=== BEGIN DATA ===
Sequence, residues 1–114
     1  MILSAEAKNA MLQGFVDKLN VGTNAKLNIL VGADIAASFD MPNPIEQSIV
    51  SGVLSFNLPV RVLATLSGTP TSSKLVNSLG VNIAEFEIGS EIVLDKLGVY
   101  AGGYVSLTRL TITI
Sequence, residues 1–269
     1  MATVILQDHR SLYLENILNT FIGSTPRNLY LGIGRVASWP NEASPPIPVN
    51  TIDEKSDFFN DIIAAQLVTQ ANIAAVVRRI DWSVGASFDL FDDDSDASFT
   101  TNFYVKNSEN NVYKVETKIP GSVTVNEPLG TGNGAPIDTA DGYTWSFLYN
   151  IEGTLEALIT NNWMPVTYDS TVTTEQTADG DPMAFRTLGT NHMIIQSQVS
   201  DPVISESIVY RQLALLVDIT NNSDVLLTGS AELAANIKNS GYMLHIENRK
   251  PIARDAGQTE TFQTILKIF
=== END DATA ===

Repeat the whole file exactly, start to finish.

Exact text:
Sequence, residues 1–114
     1  MILSAEAKNA MLQGFVDKLN VGTNAKLNIL VGADIAASFD MPNPIEQSIV
    51  SGVLSFNLPV RVLATLSGTP TSSKLVNSLG VNIAEFEIGS EIVLDKLGVY
   101  AGGYVSLTRL TITI
Sequence, residues 1–269
     1  MATVILQDHR SLYLENILNT FIGSTPRNLY LGIGRVASWP NEASPPIPVN
    51  TIDEKSDFFN DIIAAQLVTQ ANIAAVVRRI DWSVGASFDL FDDDSDASFT
   101  TNFYVKNSEN NVYKVETKIP GSVTVNEPLG TGNGAPIDTA DGYTWSFLYN
   151  IEGTLEALIT NNWMPVTYDS TVTTEQTADG DPMAFRTLGT NHMIIQSQVS
   201  DPVISESIVY RQLALLVDIT NNSDVLLTGS AELAANIKNS GYMLHIENRK
   251  PIARDAGQTE TFQTILKIF